Jane Eyre in Bengal
- Article written by: Olivia Majumdar
The flow of literature between nineteenth century Europe and colonial era India can be glimpsed in the circulation of translated literature. ‘Two Centuries of Indian Print’ at the British Library has digitised multiple translations of note from this era, including Hatbagyo Murad (1861) a translation of Maria Edgeworth’s Murad the Unlucky and Cakamaki baksa o apurbba rajbastra (1867) a translation of Hans Christian Anderson’s tales. Another striking translation that ‘Two Centuries…’ has digitised is Nirmalabala Shome’s Saralā (1914), a free translation of Charlotte Brontë’s Jane Eyre (1847).
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The caption on the cover page verso of Saralā gives us limited information about both translation and translator. Nirmalabala Shome produced the translation and had it published from Bhowanipore, Calcutta in February 1914. Shome was not a well-known figure however, from the little information available we can learn that she was an educated Christian Bengali woman; a student at the Bethune School who obtained her BA degree from the University of Calcutta and eventually an MA.[i] The Bethune School carries a special legacy for women’s education in India, being one of the first institutions established for the education of girls in colonial Bengal and helping pave the way for similar institutions to follow.[ii] The growth of girls’ schools led to an increase in the demand for female teachers, whose ranks Shome also joined. Unlike Bronte, who following a stint as a private governess and aborted attempt to open a school alongside her sisters, rejected teaching in favour of writing, Shome appears to have been successful as a teacher and was eventually appointed as examiner for English in the Entrance Examination of the Educational Service.[iii] Jane Eyre, a novel narrated in the first person by a young woman working as a governess and presented as an autobiography, has often led readers to sympathise and identify with its heroine and it is possible that Shome’s biographical similarities with Jane may account for her affinity with the novel as well.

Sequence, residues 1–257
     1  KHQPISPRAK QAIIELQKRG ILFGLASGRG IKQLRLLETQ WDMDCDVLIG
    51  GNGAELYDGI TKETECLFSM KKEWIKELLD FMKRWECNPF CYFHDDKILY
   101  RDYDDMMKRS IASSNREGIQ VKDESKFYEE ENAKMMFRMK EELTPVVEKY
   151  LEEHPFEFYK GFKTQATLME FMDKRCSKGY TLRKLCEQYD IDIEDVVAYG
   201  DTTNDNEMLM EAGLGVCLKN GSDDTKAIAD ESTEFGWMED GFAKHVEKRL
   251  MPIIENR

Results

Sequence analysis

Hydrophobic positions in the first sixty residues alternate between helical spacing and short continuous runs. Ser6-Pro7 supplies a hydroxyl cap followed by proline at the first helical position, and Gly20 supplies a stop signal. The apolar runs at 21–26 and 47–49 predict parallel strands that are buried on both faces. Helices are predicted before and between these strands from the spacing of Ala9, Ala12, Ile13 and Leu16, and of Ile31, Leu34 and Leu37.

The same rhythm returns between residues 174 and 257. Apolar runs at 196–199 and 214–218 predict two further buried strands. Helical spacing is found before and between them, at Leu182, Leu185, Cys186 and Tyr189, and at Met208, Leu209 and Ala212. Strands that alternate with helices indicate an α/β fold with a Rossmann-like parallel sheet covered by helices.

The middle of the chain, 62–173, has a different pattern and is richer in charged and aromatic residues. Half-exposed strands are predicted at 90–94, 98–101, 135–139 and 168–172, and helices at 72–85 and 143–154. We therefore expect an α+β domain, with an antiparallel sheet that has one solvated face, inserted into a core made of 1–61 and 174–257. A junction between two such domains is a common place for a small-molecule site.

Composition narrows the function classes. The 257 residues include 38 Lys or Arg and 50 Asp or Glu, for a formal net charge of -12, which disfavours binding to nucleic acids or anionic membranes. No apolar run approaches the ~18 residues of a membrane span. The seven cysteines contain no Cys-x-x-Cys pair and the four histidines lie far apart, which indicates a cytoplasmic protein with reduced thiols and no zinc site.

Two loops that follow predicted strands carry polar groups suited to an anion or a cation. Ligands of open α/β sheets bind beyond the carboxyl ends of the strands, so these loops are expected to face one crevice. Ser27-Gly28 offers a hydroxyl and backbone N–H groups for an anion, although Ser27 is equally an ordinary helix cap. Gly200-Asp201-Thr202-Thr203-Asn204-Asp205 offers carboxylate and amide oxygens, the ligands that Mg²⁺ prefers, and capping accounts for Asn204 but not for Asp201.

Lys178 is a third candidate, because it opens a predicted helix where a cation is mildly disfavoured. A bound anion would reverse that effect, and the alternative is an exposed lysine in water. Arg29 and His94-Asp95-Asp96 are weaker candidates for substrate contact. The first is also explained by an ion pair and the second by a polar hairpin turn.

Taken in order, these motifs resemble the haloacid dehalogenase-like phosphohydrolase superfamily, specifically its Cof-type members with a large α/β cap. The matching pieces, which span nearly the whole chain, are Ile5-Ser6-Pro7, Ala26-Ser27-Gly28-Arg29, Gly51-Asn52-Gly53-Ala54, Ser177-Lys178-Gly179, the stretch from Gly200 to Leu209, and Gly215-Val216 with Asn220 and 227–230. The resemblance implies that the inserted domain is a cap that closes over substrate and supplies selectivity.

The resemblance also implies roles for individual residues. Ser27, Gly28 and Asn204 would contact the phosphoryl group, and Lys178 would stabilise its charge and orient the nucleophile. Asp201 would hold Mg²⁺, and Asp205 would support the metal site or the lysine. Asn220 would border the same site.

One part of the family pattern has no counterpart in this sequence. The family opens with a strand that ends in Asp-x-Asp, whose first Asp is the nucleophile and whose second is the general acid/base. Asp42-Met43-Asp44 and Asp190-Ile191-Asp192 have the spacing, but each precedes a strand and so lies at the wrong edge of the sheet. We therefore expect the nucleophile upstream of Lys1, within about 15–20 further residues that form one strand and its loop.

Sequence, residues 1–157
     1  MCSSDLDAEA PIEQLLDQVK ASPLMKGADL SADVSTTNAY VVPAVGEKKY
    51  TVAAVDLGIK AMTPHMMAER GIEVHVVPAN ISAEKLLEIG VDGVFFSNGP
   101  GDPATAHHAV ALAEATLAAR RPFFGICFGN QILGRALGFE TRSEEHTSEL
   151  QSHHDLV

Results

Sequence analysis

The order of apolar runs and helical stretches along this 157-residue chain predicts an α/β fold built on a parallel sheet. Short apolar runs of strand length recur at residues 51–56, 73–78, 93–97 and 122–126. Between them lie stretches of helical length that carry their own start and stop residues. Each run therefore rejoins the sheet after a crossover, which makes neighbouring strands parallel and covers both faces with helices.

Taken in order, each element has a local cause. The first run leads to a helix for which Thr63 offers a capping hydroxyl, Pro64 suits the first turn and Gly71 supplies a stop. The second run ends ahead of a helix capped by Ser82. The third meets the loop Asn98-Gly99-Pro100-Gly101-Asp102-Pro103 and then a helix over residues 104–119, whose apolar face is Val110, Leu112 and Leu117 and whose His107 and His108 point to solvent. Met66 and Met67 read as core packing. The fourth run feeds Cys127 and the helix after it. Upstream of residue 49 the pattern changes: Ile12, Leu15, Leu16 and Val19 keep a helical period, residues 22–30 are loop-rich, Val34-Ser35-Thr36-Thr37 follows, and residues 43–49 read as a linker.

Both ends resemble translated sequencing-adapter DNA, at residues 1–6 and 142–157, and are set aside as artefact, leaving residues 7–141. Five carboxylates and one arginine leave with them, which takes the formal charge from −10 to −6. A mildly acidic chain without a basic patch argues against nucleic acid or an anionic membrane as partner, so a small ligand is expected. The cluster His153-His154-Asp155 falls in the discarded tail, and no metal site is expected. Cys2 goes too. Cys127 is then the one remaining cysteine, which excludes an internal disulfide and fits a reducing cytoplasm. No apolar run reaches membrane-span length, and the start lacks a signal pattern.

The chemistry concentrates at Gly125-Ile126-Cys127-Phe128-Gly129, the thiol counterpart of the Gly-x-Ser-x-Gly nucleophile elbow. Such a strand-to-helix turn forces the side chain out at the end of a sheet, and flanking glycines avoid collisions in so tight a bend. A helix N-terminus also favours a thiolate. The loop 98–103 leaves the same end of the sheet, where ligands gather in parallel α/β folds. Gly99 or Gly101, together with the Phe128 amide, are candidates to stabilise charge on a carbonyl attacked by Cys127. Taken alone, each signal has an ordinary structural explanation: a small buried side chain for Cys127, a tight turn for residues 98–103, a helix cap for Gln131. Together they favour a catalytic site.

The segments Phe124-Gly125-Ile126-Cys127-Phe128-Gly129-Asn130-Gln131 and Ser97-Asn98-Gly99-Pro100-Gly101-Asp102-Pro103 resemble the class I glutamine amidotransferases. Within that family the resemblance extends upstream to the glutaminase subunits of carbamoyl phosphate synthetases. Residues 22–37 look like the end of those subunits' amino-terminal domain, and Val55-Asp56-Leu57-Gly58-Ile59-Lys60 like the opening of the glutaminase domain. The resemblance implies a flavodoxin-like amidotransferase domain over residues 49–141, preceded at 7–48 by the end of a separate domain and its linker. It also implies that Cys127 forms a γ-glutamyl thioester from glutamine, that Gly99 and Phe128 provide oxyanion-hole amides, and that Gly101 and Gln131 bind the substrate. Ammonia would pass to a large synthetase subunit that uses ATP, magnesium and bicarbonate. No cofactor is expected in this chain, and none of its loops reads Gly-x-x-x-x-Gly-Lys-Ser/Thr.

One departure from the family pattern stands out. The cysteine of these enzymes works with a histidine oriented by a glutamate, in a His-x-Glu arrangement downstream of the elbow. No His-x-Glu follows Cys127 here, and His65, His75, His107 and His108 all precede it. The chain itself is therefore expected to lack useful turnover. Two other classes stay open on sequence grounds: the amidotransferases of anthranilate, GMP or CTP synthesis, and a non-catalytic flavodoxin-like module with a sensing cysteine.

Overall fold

As Priya Joshi points out in In Another Country: Colonialism, Culture, and the English Novel in India (2002), there was little financial compensation available for translators in the nineteenth century Indian translation industry. Translators had to be either ‘notably enthusiastic’ about a book or expect commercial success that would justify the expense and effort that would need to be undertaken to produce a translation. [iv] In my opinion, Shome likely belonged to the first camp of ‘notably enthusiastic’ readers turned translators. In addition to the biographical similarities that Shome shared with both Brontë and Jane, she writes in her ‘Introduction’ to Saralā that reading Jane Eyre gave her a sense of great happiness that she wished to share by translating the text into Bengali.[v]
Fair copy manuscript of Charlotte Brontë's Jane EyreView images from this item (11)
This material can only be used for research and private study purposes.